Wednesday, November 8, 2017

Gotham: A Day in the Narrows Review


A Day in The Narrows is the first Gotham episode that I've enjoyed in some time.  I think it has to do with the fact that the Edward Nygma/Solomon Grundy storyline was completely absent.  It isn't until now that I realize just how much I dislike it and everything connected to it.  Balancing three stories all in the course of a very long day, this episode has some wild gallows humor and showcases Detective Jim Gordon, showing how he will eventually rise to Police Commissioner in this dark and dour city.

Our main story is that of Gordon (Ben McKenzie), still on the hunt for Professor Pyg (Michael Cerveris), the madman targeting crooked cops.  Over his loud objections, his partner/boss Captain Harvey Bullock (Donal Logue) brings in Penguin (Robin Lord Taylor), their unholy alliance finding a common enemy in Pyg.  As Victor Zsasz, Pengy's main hitman, is off visiting his 'bubbie', Pengy has the arrogant Headhunter (Kyle Vincent Terry), who brags about shooting twice but needing to shoot only once.  "The second one is his signature," he tells them.

Gordon, with various degrees of assistance by the GCPD and Penguin's men, find their first clues in The Narrows, the poorest part of Gotham.  Gordon uses tact, the Police/Penguins use tactics, violent ones, until they get what they need.  The manage to rescue one cop, Officer Vizolli, while another remains missing.  Gordon puts the clues together and tracks Pyg down to an abandoned courthouse.

Only, the thing is the whole thing is an elaborate trap, down to Officer Vizolli, which we discover is Pyg in disguise.  By this time Penguin in particular has become publicly attached to taking Pyg down.  Sofia Falcone (Crystal Reed) flat-out warns him that her father would never have so publicly affiliated with the police, for they will fail, and when they do, it will be a spectacular failure...and Penguin will be the face of it.  Penguin decides to double down on his plan.

Gordon warns them not to storm the courthouse.  Again, over Gordon's loud objections and Penguin's demands, they all storm the courthouse, where they find it is a trap and Bullock has inadvertently shot a fellow officer.  Gordon rescues them, and despite all his moral upstanding the police still struggle to acknowledge his efforts.  However, things are slowly turning around when one former antagonist tells a criminal that they will no longer be accepting Penguin's licenses.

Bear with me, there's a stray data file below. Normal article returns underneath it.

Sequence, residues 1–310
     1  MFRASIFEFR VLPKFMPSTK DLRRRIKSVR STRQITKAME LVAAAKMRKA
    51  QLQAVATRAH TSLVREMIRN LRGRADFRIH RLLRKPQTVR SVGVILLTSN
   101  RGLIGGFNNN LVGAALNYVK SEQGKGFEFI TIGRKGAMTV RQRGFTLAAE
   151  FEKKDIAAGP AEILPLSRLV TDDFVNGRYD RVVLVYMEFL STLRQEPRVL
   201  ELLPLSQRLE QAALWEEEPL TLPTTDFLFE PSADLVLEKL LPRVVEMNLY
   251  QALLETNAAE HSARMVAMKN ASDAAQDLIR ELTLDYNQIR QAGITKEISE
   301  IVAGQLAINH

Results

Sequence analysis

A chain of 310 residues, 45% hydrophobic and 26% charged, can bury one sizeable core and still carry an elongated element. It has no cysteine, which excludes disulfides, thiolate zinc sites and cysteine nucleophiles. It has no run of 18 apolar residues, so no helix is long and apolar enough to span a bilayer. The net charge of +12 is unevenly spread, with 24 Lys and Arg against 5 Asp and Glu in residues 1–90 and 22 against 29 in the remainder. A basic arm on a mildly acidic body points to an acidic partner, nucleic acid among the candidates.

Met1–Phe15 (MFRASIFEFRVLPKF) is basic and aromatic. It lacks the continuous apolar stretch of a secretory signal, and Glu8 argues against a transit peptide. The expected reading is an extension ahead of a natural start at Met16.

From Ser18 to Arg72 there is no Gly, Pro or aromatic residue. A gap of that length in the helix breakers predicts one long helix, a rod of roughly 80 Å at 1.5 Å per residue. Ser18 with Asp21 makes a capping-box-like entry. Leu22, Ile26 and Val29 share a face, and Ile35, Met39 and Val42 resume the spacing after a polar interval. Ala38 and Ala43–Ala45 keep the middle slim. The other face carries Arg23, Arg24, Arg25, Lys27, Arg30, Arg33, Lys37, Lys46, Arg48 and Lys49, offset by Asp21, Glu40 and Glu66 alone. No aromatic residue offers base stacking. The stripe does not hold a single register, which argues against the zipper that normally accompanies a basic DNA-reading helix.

Pengy for his part is irritated that he has been again publicly humiliated by his own hubris and in Headhunter's inability to get things right.  In irritation, he stabs the wounded Headhunter twice...the second time is his signature, he tells the dying hitman.

Our second plot involves our Unholy Trinity of Selina Kyle (Camren Bicondova), her mentor Tabitha Galavan (Jessica Lucas) and Bonkers Babs (Erin Richards).  Babs is pulling out now that she lost her benefactor Ra's al Ghoul, but Selina insists they can still make their enterprise work.  She decides to prove this by robbing a biker gang, but ends up getting trapped there.  Tabitha and Barbara, independent of each other, go to the rescue, and silently agree to unite.

The third minor plot involves Bruce Wayne (David Mazouz), who meets a pretty young thing in Grace Blomdhal (Samia Finnerty) at a fundraiser at Wayne Manor.  She in turn brings him into her circle, which includes an old rival of Bruce's, Tom Elliot (Gordon Winarick), whom we've met earlier.  Elliot seems to have forgiven Bruce for punching him, even admitting he deserved it.  Tom's friend Brent (Tommy Nelson) isn't so eager for Bruce to be in their circle.  When he fails to get them into a club, Bruce buying it.  On this dark night of his soul, Bruce engages in drinking and making out with Grace, seemingly having fun but perhaps with a hint of desperation in his revelries.